A Water Update
The war may be over, but there are more battles ahead
Statewide Planning: Jud Turner, director of Georgia’s Environmental Protection Division
Are the water wars really over? It would seem so, with the 11th Circuit Court of Appeals ruling in June that Atlanta can access water from Lake Lanier and Gov. Nathan Deal promising $300 million for new reservoirs. The state’s water districts are effectively upgrading and better managing our resources – still waiting for rain, but seeking ample alternatives to store up for the state’s next wave of growth.
“We’re thrilled that Lanier is back on the table,” says Jud Turner, director of the Georgia Department of Natural Resources Environmen-tal Protection Division.
The water wars Georgia fought with Alabama and Florida were a 20-year struggle over Lake Lanier. Atlanta needs it for drinking water; the other two states wanted to ensure a sufficient supply for downstream release. A 2009 federal court ruling favoring Alabama and Florida gave Georgia three years to get its water affairs in order, but last summer’s appellate ruling reversed that decision and affirmed Georgia’s right to Lanier water.
Nonetheless, the response to the controversy and the persistent drought put water front and center in the public consciousness. Out of the near-crisis came legislation, increased emphasis on conservation and some plans for action.
The 11th Circuit decision allows Georgia to plan statewide for the first time in 25 years, says Turner. “We’ve had our hands tied all this time, worrying where our biggest source of water would come from. Now we can do what Deal set out to do as his primary objective, but for the whole state, not just the Metro Atlanta region.”
In the role of executive counsel to former Gov. Sonny Perdue, Turner, an attorney, was involved in setting up the state’s 10 Water District Councils and implementing the Water Stewardship Act.
The water legislation included new reservoirs to replace Lanier, including a large one on the Flint River, which is “off the table” since the court ruling. So the state can be more strategic in its placement of new reservoirs, which can be costly, controversial and litigious.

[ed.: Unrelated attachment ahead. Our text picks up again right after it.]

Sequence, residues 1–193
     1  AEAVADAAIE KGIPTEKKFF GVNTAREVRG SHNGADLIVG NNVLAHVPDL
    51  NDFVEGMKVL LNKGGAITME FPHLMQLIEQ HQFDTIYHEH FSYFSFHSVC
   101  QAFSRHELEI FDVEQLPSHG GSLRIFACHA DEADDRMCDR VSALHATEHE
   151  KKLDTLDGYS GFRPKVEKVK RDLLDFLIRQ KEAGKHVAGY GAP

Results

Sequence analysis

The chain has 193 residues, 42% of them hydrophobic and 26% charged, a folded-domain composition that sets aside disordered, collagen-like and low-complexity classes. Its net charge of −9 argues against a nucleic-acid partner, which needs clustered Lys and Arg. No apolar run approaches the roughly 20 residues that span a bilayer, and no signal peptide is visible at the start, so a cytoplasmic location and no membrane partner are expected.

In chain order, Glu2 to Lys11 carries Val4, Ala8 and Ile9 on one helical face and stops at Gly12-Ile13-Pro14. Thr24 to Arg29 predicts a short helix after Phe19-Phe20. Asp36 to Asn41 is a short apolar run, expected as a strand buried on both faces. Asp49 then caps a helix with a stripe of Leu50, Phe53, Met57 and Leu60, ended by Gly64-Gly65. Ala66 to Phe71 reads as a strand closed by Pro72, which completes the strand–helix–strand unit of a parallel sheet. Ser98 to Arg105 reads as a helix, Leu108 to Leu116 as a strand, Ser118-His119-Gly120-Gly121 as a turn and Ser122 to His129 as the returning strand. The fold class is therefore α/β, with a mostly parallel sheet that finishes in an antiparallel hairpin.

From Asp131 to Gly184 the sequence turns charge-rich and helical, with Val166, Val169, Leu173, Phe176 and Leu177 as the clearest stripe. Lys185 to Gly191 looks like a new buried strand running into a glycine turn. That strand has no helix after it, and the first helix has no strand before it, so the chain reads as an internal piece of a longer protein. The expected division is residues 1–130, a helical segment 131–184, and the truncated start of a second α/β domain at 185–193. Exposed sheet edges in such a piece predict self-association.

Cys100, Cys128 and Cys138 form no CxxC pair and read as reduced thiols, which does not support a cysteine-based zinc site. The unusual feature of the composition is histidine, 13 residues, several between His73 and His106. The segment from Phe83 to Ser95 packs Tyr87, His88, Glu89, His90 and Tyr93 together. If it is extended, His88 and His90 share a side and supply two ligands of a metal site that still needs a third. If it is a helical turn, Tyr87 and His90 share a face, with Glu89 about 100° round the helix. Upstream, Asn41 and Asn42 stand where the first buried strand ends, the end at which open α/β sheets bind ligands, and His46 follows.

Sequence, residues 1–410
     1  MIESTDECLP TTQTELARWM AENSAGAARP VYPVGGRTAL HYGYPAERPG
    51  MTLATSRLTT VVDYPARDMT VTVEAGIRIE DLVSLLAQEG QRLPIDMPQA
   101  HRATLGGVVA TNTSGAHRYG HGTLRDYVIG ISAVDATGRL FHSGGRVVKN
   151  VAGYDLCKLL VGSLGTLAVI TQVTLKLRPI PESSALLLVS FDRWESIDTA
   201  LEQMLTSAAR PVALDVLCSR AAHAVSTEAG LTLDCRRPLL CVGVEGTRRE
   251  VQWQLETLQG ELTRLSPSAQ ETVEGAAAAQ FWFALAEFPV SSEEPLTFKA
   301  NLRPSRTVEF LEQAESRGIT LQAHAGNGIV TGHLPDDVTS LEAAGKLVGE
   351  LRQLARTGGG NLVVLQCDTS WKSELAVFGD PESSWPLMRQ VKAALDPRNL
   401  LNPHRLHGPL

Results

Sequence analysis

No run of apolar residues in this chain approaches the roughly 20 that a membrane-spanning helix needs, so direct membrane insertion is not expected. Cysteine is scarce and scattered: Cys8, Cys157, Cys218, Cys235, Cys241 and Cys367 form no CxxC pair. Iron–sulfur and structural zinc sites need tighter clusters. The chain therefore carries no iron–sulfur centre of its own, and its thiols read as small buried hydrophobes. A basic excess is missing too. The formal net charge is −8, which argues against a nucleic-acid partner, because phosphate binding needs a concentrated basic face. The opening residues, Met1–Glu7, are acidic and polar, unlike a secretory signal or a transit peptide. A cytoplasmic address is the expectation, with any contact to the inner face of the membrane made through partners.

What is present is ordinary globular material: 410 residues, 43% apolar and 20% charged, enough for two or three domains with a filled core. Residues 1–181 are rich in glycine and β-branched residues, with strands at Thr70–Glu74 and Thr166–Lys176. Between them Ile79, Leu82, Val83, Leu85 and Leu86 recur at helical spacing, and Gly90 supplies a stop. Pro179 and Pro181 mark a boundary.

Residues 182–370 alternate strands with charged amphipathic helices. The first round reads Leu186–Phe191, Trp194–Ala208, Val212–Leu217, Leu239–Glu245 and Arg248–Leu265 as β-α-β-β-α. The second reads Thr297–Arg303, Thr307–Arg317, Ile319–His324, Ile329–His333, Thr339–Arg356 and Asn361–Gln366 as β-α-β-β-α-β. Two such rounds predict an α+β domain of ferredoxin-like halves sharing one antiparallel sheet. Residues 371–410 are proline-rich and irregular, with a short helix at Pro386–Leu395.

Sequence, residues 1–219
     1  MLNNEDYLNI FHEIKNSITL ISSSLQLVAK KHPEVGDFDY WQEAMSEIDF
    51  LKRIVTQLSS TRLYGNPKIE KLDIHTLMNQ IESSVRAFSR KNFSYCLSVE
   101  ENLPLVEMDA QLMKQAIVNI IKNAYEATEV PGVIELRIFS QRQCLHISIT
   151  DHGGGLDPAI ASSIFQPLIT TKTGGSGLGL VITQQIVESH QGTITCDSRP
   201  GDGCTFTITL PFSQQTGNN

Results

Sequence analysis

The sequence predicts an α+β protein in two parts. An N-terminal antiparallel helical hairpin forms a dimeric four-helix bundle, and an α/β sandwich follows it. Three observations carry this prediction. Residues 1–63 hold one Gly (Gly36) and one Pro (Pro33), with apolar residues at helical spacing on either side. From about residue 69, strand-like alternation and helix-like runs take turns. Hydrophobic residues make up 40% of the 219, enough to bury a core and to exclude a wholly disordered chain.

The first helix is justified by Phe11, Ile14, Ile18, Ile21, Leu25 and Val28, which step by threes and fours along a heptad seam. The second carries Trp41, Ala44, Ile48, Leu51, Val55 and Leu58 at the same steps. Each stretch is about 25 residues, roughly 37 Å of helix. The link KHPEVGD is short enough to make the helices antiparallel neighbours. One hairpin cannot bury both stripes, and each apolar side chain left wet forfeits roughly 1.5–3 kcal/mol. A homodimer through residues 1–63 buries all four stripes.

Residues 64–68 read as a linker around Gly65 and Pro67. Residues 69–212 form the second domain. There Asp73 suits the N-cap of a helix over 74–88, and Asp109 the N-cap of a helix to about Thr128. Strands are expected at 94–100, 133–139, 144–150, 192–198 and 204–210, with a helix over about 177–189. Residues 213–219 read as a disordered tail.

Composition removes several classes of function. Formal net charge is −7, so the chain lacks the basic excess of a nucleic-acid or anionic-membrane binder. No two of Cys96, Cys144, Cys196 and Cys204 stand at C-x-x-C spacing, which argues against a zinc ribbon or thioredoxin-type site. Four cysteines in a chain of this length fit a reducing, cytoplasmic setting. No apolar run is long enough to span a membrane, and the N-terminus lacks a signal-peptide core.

“The 11th Circuit ruling doesn’t change the fundamental strategic plan of the state to grow the cistern,” says Turner. “The fact is that multi-year droughts have become a reality for Georgia. So while it’s good news for Atlanta, Cobb and DeKalb, this is also the first time that we can really be strategic and regional in our approach to statewide water supply.”
In 2012, Deal announced direct funding and loans through the Georgia Environmental Finance Authority (GEFA) and the Department of Community Affairs of nearly $100 million to fund big water projects on generous terms. Oconee and Walton counties received two loans totalling $32 million to construct the 1,400-acre Hard Labor Creek Reservoir, Newton County received $21 million to build 1,242-acre Bear Creek Reservoir and Paulding County received a $29-million loan for the 305-acre Richland Creek Reservoir.
GEFA is still in the business of lending to communities to improve their infrastructure and make it more efficient, including conservation projects and storm water management. In the last six years, it has financed more than $69 million for such projects.
“We think of the reservoirs as different aspects of securing our water supply,” says Kevin Kelly, Water Resources Division director at GEFA. “The state’s overall approach is comprehensive – new water, water storage, water conservation.” This dual strategy, he believes, is a strong one.
“This is a good crop of projects and will help local governments meet their forecast demand in a flexible, customer-friendly approach. We tried to respond to specific needs, and it also has a little bit of innovation that’s consistent with the original vision of the program.”